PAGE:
There's something in the way that Tucsonans David and Judy Ray transmute grief into powerful art that suggests they've endured things the rest of us can only suffer vicariously. Indeed, every poem in Judy's latest book, To Fly Without Wings, exudes the confident aura of someone who has experienced everything life has to offer—tragedy and comedy, darkness and light.
Like her equally adept poet husband, Judy Ray manages a difficult balancing act between fearless autobiography and strict formalism—like Plath and Sexton, minus the impulse toward aesthetic extremism and personal oblivion. Wings stands as her most consistent effort to date, and will likely cement her reputation as a poet's poet—a writer who makes other writers sick with envy.
The book begins with a section devoted to Ray's memories of her British upbringing. In the opening poem, she returns to her birthplace to examine the home she was raised in, the home her parents inhabited for more than 50 years. Memories dredge themselves up; emotional details boil over. And yet Ray presents it all matter-of-factly, like an ice-cold prayer:
I hear echoes of children's prattle, adolescent
awkwardness, work worry and weariness.
The seasons superimpose with summer fruit
bubbling into jam, a winter fire,
and spun-glass angels on a Christmas tree.
I see the glint of sewing needles in worn hands,
and candles moving like fireflies up the dark stairs.
This is just one stanza among the six that constitute "Returning to Great Allfields," but already I feel largely transported to Ray's childhood. And when the poet recalls other family-related moments—like Armistice Day in the '50s, when she and her sister "knocked on village doors / and offered poppies / to remember the nonsurvivors"—everything is rendered in vivid, palpable, you're-right-there language.
My new favorite poem is "Year One," in which Ray recounts her and her then-infant daughter's international travels:
An Italian boat took us from port to port—
you ate spaghetti, slept soundly in a cot
with netting sides. We sidestepped money-changers
of Beirut, touched ancient land of Syria,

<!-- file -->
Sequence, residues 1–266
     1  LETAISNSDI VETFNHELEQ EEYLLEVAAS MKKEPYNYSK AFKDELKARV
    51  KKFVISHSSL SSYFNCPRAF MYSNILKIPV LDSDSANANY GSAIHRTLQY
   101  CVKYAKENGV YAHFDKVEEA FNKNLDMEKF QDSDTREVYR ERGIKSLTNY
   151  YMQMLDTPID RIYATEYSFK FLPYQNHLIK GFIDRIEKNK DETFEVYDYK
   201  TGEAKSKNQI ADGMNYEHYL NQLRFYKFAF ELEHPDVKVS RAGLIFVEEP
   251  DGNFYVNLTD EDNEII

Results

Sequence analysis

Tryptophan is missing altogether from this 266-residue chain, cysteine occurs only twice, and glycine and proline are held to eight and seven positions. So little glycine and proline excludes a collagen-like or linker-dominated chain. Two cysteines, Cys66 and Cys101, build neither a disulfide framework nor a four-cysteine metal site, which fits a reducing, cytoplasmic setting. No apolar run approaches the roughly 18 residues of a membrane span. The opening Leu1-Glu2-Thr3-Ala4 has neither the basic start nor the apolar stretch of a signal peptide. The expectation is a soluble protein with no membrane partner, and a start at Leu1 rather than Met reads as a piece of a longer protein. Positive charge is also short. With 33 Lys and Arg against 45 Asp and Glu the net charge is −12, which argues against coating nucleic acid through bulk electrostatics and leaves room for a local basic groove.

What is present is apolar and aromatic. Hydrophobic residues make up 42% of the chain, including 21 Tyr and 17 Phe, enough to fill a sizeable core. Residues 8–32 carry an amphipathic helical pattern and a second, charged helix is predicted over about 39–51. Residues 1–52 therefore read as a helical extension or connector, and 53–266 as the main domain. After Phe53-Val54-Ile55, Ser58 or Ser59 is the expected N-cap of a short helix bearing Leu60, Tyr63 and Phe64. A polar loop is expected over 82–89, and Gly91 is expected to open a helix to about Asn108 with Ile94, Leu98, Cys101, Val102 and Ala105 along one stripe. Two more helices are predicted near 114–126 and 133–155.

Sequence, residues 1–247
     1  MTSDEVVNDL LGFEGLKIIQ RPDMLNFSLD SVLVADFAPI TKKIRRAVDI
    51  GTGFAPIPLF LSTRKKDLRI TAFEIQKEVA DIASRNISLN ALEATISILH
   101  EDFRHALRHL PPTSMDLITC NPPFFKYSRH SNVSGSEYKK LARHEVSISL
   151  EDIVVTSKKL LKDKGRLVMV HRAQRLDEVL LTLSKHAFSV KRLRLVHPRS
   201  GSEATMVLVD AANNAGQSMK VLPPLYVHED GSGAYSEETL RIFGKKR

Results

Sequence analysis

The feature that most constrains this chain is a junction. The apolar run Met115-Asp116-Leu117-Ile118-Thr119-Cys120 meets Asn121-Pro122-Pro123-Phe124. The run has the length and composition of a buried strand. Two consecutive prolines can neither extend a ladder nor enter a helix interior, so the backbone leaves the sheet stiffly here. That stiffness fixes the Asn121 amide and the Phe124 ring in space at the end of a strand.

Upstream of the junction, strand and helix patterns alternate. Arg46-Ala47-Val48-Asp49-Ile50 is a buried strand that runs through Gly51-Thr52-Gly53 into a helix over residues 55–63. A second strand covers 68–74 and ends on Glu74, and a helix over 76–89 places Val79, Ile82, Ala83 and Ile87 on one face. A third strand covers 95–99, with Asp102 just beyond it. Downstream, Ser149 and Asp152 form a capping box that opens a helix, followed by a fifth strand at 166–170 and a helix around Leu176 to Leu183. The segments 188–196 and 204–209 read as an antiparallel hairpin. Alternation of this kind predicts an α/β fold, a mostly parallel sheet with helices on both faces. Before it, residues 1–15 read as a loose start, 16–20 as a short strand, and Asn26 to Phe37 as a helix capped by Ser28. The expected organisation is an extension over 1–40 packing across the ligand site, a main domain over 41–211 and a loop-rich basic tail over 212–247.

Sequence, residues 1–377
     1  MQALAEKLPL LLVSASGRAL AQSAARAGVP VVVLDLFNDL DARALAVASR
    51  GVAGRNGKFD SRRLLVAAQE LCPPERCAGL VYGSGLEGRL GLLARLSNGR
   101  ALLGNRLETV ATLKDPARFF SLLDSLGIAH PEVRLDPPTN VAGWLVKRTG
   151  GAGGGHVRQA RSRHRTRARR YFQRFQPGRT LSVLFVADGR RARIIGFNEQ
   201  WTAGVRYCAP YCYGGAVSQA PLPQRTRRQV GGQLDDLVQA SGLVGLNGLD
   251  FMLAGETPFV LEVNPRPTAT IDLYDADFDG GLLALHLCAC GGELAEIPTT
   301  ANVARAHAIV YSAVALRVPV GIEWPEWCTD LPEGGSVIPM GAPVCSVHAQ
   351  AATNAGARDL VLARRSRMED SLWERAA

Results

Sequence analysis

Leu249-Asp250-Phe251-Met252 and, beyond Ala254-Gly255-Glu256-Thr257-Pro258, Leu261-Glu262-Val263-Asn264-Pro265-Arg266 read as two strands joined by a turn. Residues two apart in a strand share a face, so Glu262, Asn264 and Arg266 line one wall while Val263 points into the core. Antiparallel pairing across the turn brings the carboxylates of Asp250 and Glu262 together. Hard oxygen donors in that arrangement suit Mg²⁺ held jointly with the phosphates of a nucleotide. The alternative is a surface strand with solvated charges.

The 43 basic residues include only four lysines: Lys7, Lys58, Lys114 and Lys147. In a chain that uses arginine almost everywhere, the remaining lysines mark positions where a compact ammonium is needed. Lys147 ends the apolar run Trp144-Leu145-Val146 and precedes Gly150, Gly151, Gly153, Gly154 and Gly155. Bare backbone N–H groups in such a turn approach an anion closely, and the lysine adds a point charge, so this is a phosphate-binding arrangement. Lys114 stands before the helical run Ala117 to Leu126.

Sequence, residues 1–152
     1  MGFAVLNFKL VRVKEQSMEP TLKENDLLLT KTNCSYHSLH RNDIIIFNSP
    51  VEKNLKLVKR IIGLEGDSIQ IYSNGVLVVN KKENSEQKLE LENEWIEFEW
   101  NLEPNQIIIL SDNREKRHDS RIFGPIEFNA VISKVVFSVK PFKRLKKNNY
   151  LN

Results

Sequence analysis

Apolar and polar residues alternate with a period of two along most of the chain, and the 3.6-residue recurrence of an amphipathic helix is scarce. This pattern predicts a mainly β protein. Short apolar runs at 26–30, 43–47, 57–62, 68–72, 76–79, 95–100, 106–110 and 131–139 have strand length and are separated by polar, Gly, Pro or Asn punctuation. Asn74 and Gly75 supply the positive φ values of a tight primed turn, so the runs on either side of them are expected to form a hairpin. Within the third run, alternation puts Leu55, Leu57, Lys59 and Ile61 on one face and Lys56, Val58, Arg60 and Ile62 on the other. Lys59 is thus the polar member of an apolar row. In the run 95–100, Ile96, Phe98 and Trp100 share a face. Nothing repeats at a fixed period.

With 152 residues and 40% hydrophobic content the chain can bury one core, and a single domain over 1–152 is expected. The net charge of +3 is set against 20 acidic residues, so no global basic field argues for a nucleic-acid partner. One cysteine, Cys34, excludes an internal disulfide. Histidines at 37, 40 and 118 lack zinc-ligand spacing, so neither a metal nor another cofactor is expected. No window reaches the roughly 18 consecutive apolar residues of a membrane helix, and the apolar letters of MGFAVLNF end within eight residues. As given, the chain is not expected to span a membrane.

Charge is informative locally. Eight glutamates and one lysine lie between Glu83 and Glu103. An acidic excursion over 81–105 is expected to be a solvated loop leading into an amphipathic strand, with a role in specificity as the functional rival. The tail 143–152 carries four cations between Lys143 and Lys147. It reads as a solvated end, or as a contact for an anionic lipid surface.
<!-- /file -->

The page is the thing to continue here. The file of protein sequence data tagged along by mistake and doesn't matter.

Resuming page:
watched frozen snails being loaded in Turkey,
bound for Marseilles.
It's rare that a contemporary poet so poignantly observes the world around her in order to reveal her own personality and passions. "Fearless" is the only word I can use to characterize the life Ray expresses in her poems, and her willingness to take on any subject, even if it cuts to the marrow.
Her poem "September" is a perfect example. Ray and her husband have both written sadly beautiful, moving poems before about their deceased son Sam, but this one is perhaps the most affecting. In it, the couple dread the anniversary of his death, trying to "seal tight the September well of darkness." But such a well is infinite, and when Ray's "razoring questions" open up old wounds, the black cloud of grief settles in once again. The way in which an owl perched in a cottonwood tree poses his own interrogative ("Hoo") is wrenching, especially since it's never really determined if the owl is mocking the couple or sympathizing with their unanswerable inquiries. It took me a few hours to shake off the spell of this poem.
Even when she addresses issues of which she has (I'm guessing) little firsthand knowledge, Ray is absolutely compelling. Her Hurricane Katrina diptych makes for powerful reading. A stanza from "No Safe Haven" sums up the tragedy rather nicely:
We construct subways as intricate as ants'
mansions and know we can blow them up.
We destroy the Monarch butterfly's diet
and cut down its sanctuary.
We can rain down bombs where there is no rain.
Whether composing a villanelle about seeking truth or constructing ekphrasis on the famous composer Beethoven's unstoppable imagination, Ray is singularly effective, making it difficult to put down Wings.
If you've ever been curious about local bards, let me urge you to pick up this book at Antigone Books. But please don't read Wings before sitting down to write your own poems; your mind and heart will be reeling for a long time afterward. It's the highest compliment I can pay a fellow poet—to have your imagination wiped clean by the skills of another.